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Group history

East End Hall

In 1855, the Horsefair Street school committee considered the desirability of starting a night school in the parish. Soon afterwards such a school was started, using the Horsefair Street building. It taught the basics: reading, writing and arithmetic to boys who had missed out on day schooling, and as ‘Mr Higgs’ school’ it too qualified for a grant. Thirty boys were presented for examination in 1871; 25 passed in reading and writing, 23 in arithmetic.

About 1870, Charles Cooke Higgs built a separate schoolroom and master’s house for this school on his own land at East End, though the schools continued to be associated for grant purposes until 1874 and the day school master, Mr Folley, taught in the night school and was paid £20 per half year for doing so. Difficulties arose because Higgs still treated the night school as his own and received the grant himself. His formal Deed of Trust was not signed till 13 November 1880.

The night school was open between the hours of seven and nine each day except Saturday and Sunday; boys under 16 paid 3d a week and those over 16 paid 6d, but punctual and regular attendance earned a bonus of half the fees, and books to the value of the other half at the end of the session. The Trust’s income came from nine acres of adjoining land, let out as allotments (the site of the present junior school and Glynrosa Road). Education became compulsory in 1880 and in the 1890s attendance at night school began to drop. In 1897 the trustees decided to introduce some more advanced subjects, including drawing, shorthand and French, and then numbers rose so dramatically that the hall was no longer big enough. So it was decided to join Cheltenham Grammar School evening classes and move the venue to the boys’ school or the town. On 1 August 1905 East End Hall was let as a Church Lads’ reading room and club, and from September 1914 it was shared by the Lads’ Club and Charlton Kings Scouts. It has continued to be the Scout Headquarters and was sold to the Scouts in 1954.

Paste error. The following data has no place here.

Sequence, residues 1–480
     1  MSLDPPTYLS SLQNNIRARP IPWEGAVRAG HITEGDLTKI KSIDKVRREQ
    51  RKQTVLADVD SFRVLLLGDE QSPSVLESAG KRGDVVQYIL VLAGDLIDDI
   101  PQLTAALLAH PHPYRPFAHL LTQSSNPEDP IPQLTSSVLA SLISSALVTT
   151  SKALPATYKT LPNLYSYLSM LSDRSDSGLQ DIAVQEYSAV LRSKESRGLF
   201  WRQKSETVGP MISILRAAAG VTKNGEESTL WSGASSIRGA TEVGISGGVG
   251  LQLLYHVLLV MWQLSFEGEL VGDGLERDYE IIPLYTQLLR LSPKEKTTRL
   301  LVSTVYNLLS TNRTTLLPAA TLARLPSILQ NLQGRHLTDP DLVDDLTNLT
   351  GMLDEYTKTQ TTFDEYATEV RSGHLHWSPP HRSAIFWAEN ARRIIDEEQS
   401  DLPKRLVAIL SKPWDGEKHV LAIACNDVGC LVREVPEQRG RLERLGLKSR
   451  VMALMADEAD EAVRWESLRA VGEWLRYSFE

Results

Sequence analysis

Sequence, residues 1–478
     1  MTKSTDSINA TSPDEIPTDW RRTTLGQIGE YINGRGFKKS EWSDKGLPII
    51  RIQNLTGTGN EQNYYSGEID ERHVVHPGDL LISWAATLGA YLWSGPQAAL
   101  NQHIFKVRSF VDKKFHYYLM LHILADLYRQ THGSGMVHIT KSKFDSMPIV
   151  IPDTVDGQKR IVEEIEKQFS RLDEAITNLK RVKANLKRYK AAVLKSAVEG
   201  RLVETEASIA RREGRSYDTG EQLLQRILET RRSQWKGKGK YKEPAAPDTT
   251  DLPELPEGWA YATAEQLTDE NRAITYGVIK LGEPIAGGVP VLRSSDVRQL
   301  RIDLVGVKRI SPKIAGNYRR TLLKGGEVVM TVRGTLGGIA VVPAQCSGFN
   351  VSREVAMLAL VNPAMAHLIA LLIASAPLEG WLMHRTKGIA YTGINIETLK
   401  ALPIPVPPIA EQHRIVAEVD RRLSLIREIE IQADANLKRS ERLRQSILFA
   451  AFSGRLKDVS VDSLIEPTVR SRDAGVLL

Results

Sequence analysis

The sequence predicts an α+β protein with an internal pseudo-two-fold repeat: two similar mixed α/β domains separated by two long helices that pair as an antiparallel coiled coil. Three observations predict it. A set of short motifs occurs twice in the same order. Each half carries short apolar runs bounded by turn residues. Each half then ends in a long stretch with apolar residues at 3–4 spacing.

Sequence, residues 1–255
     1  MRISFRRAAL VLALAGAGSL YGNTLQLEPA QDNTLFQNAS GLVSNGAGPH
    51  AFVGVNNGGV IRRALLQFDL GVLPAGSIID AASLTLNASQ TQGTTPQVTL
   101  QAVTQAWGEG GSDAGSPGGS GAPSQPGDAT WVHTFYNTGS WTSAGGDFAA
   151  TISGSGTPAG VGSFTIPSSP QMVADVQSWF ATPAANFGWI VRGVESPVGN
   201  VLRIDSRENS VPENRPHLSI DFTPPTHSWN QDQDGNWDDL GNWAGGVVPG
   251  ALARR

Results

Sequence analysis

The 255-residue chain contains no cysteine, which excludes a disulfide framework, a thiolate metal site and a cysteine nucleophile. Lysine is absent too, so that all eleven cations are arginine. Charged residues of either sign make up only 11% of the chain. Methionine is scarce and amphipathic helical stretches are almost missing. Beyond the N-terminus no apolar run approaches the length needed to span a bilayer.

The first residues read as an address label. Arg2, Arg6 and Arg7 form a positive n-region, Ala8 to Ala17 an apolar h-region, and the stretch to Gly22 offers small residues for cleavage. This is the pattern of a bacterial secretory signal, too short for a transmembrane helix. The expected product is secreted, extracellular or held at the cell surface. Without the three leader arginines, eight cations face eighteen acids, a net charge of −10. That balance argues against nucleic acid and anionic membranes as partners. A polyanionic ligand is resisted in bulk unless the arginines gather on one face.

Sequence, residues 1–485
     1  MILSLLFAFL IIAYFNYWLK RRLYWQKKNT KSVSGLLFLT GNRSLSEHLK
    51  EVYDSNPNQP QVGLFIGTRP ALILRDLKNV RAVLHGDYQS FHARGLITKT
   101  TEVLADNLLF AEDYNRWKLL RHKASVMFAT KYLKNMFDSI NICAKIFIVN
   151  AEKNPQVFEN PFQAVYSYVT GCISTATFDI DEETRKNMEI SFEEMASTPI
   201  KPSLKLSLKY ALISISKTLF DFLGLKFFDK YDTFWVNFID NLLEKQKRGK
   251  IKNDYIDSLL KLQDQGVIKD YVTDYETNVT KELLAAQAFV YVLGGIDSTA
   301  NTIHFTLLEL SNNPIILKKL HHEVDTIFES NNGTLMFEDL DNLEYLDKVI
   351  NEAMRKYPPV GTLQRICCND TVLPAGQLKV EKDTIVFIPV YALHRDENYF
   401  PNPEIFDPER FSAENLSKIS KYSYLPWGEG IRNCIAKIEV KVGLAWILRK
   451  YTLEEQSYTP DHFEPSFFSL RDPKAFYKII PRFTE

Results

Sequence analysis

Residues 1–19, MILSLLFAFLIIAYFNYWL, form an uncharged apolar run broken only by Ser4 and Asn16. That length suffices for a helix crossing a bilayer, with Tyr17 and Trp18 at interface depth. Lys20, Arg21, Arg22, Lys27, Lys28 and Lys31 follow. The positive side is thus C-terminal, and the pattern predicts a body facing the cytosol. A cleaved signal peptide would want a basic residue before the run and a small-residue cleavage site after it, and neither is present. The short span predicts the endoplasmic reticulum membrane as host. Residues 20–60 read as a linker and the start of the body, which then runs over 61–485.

The Trust’s funds are still used for educational purposes.

Extract from ‘A History of Charlton Kings’ Charlton Kings Local History Society, Editor: Mary Paget